Tech Tip – Thin Client Pros and Cons

Filed Under (Work) by Laura Smith on 29-09-2010

In my computer lab, we use a thin client system.  I have 30 total workstations, but only 9 computers in the room.  The teacher workstation is standalone, as is the print server, but the other 28 monitors are shared 4 to a computer.  We achieve this using NComputing boxes.  They look like little hubs, and attach to each monitor, connecting it to a special network card in the controlling computer.

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There are many benefits to using this system.  First of all, I love the way they save space.  No big bulky towers all over the place.  Second, there is energy savings – much cheaper to power 9 computers than 30!  Obviously, there is hardware savings – again, only purchasing 9 computers vs. 30, and replacement costs are kept down as upgrades are needed.  I also like the fact that if I have any software installs or system changes to make, I can get it done a lot faster.  It’s a giant pain to install software on an ENTIRE LAB of computers one…at…a…time.

However, I’ve recently come upon some drawbacks.  When one student workstation freezes (because the student has opened 25 instances of Microsoft Word because they kept clicking and clicking instead of waiting patiently for it to open! @#$!) they all freeze.  And it takes a while for them to recover.  Longer than 20 Kindergarteners want it to.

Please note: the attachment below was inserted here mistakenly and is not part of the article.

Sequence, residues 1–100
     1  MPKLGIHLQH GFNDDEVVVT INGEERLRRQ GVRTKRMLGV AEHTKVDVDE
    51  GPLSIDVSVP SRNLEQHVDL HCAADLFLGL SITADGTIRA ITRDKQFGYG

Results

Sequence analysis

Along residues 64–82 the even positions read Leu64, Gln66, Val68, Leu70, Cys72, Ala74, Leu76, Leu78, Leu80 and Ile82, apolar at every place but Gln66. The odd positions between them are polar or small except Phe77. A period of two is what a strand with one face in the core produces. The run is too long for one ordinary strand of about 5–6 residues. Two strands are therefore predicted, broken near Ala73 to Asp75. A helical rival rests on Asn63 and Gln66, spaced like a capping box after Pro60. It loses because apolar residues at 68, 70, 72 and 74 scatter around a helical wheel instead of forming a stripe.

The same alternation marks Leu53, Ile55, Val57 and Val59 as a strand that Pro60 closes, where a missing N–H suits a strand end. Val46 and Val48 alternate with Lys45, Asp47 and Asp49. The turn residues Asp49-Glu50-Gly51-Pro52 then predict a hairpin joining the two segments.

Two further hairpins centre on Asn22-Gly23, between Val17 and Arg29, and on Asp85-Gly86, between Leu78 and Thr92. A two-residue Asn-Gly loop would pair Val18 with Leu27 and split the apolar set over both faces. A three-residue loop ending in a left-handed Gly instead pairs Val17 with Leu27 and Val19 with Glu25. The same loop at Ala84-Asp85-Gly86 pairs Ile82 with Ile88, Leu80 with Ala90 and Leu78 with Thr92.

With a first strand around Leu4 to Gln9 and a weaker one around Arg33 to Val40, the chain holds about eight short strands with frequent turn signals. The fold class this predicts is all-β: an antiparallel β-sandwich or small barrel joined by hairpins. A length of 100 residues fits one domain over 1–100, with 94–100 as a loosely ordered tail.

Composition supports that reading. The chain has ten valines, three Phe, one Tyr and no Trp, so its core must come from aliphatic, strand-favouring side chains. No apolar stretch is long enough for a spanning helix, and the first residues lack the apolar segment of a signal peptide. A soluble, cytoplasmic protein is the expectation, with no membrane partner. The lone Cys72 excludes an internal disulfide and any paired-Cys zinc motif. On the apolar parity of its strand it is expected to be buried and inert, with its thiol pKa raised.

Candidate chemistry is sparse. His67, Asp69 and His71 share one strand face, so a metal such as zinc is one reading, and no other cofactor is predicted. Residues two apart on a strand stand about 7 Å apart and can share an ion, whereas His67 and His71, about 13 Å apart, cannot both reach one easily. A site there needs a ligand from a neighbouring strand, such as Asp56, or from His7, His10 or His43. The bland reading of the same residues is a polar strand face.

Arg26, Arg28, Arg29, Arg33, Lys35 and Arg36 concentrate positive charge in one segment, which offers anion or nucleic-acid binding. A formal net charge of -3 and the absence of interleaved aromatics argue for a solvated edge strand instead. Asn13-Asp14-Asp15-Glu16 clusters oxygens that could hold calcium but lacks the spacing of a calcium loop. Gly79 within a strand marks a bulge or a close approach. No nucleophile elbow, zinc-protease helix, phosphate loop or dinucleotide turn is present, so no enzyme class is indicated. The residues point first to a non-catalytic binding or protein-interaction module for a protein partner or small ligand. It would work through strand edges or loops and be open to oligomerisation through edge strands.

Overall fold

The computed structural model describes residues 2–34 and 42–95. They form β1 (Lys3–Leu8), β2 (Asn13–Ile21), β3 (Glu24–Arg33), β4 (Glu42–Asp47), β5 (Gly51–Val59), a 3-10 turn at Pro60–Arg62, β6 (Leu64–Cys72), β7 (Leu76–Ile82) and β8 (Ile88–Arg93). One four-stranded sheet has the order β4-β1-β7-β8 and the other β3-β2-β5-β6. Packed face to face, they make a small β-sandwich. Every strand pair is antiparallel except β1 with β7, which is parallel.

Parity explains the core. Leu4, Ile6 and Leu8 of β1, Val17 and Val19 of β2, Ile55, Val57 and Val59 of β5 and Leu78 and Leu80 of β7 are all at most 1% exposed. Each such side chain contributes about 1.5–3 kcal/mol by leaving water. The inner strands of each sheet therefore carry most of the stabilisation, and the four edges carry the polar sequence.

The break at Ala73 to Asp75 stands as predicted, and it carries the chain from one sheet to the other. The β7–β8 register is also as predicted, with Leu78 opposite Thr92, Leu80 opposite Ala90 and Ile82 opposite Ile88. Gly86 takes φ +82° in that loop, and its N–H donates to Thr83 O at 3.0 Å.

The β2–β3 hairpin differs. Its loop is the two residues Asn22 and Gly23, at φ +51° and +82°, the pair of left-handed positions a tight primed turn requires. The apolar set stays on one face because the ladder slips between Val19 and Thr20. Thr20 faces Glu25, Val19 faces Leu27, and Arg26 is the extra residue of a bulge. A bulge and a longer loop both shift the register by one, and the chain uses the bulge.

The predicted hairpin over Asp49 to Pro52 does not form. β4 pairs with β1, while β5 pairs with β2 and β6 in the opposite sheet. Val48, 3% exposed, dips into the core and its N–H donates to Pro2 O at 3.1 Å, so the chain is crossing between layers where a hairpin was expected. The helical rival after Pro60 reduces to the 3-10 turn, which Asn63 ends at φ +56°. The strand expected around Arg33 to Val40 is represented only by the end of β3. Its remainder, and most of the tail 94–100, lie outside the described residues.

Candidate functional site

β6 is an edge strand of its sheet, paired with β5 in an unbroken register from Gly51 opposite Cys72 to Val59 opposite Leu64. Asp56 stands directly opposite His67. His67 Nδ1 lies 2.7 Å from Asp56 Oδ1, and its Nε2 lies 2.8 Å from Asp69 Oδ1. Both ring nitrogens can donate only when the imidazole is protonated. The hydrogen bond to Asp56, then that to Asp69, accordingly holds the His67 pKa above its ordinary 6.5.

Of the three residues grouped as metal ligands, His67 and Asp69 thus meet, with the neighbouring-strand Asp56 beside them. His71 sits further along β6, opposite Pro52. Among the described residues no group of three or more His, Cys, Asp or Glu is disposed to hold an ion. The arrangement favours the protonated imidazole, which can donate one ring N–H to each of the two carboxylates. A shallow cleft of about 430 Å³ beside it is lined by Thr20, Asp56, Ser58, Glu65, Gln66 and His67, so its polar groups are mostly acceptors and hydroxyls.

But the most annoying problem is the fact that when students log into online accounts, their workstations get all confused and they end up either a) Unable to log in, or b) Inadvertently switching between accounts of those seated at their shared thin clients.  This is a major problem, because I use a lot of web 2.0 tools where students have to log in to an account.

So here is what I did to fix it.  I installed 4 different browsers on each station.  Chrome (my personal favorite, and yes, its by Google), Safari, Internet Explorer, and Mozilla Firefox.  I labeled each monitor with one of those four browsers so each computer has one monitor for each browser.  Then, when the students log into their accounts, they won’t have login issues as long as they are all on different browsers.

Too complicated? Maybe.  Does anyone know of a better way to solve this problem?  If so, I’d love to hear it!


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